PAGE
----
The reasons behind Tropicália’s popularity aren’t so mysterious to Stein, although he’s still surprised by how favored the beer is. First and foremost, there’s the taste. As a long-time homebrewer immersed in the craft beer scene, Stein saw where beer consumers’ preferences were headed and positioned himself ahead of the trend: “I saw that people were moving away from bitter IPAs, and toward IPAs focused on the flavor and aroma of the hops.”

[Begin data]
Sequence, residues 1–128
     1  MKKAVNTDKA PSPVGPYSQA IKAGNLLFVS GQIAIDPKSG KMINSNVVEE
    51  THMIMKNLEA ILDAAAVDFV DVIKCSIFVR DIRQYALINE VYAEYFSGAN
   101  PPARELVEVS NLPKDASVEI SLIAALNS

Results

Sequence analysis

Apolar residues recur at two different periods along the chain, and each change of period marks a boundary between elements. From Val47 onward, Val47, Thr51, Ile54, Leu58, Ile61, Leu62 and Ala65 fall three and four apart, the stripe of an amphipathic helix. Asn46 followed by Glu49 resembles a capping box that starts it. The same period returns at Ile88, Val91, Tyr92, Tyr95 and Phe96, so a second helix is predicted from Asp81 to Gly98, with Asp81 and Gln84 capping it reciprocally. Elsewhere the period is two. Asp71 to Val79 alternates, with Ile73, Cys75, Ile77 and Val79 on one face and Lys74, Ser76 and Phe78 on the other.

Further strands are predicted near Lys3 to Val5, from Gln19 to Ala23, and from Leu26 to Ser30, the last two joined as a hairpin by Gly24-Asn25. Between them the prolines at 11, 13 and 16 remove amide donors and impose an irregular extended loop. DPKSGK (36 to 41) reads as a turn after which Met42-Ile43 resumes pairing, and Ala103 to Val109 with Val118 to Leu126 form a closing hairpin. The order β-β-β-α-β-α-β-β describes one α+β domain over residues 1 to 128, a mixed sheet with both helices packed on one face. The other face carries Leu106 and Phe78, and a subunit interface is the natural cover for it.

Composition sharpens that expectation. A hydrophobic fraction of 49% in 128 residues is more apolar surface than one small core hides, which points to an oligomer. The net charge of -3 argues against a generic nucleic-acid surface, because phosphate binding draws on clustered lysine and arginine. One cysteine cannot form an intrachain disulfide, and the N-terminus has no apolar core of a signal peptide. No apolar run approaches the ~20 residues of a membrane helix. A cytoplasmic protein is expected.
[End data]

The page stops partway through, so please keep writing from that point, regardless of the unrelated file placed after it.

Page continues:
Add in the reality that Georgia is a state with a young craft beer scene, where small names can quickly become big players, and the pieces begin to fall into place. “People were excited to claim such a good beer as their own and to stand behind it in solidarity as a sign that a young Georgia brewery could make something just as good -- if not better than -- the IPAs from other bigger breweries,” Stein says. He also posits it’s Georgia's version of Bell’s Two Hearted (an extremely popular Michigan beer that was once voted the world's best IPA by RateBeer.com) and people around the area are immensely proud of it. Eventually, Stein explains, it was word-of-mouth and good press that finally helped get them on the map (that bright label wasn't hurting anything either).